A new study has shown that more than one in 10 young Australian women have tried vaping and its popularity is a growing public health concern.
Young women who are current smokers were 10-times more likely to use e-cigarettes, and ex-smokers were 5-times more likely to use-cigarettes than young women who had never smoked.
Research by Alemu Melka from the University of Newcastle and the Hunter Medical Research Institute (HMRI*) has also revealed that over a quarter of young female e-cigarette users have never smoked cigarettes.
“This figure might seem positive, but it is actually concerning because some research indicates that e-cigarette users are more likely to go on to smoke cigarettes,” said Mr Melka
“If public health programs are to curb the uptake of e-cigarettes by young women then we need to understand the risk factors to target.”
“We investigated the factors associated with e-cigarette use amongst young women by surveying almost 9000 women aged 19-26 from the Australian Longitudinal Study on Women’s Health.”
“A lot of the risk factors for e-cigarette use are similar to traditional tobacco use,” said Mr Melka.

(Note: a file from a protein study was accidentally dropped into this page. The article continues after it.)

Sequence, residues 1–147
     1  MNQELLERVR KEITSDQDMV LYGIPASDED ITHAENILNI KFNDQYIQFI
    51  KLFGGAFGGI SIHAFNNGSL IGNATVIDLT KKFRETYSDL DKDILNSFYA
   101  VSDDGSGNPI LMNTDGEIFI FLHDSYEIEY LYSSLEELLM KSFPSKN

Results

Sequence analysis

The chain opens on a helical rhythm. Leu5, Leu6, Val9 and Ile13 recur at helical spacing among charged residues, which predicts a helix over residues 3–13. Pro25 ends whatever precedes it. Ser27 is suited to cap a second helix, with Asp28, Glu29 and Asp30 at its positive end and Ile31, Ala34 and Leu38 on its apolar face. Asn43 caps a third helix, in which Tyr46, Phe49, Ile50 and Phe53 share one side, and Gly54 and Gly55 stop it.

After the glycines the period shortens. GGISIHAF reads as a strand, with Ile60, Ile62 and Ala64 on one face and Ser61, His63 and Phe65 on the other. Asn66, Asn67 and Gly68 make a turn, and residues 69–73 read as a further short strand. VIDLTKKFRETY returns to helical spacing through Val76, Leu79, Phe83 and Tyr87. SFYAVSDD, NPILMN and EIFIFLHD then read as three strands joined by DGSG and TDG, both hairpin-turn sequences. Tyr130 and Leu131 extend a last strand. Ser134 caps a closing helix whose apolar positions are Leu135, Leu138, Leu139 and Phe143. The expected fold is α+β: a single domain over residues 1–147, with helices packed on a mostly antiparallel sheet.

The researchers found that younger women were more likely to have used e-cigarettes in the previous 12 months than older women.
Young women who drank more than two standard drinks per day or who were in financial difficulty were also more likely to have use e-cigarettes recently than other young women.”
Women who lived in urban areas were more likely to have tried vaping, probably because e-cigarettes are more easily available.
Additionally, women who had experienced domestic abuse were also more likely to have tried using e-cigarettes at some point.
“E-cigarettes are touted as being a healthier alternative to tobacco and a quit smoking aid but the scientific evidence just isn’t there yet,” said Dr Catherine Chojenta from the University of Newcastle and the HMRI.
“There are concerns about the harmful effects of nicotine and other compounds used in e-cigarette flavourings but it could be another 10 or 20 years before we can say whether there are long term health consequences,” said Dr Chojenta.
Mr Melka is conducting follow up research to investigate whether e-cigarette users from the Australian Longitudinal Study on Women’s Health go on to become tobacco smokers.
This research is available in the American Journal of Preventative Medicine.
The Australian Longitudinal Study on Women’s Health is funded by the Australian Government Department of Health and managed by the University of Newcastle and the University of Queensland.
* HMRI is a partnership between the University of Newcastle, Hunter New England Health and the community.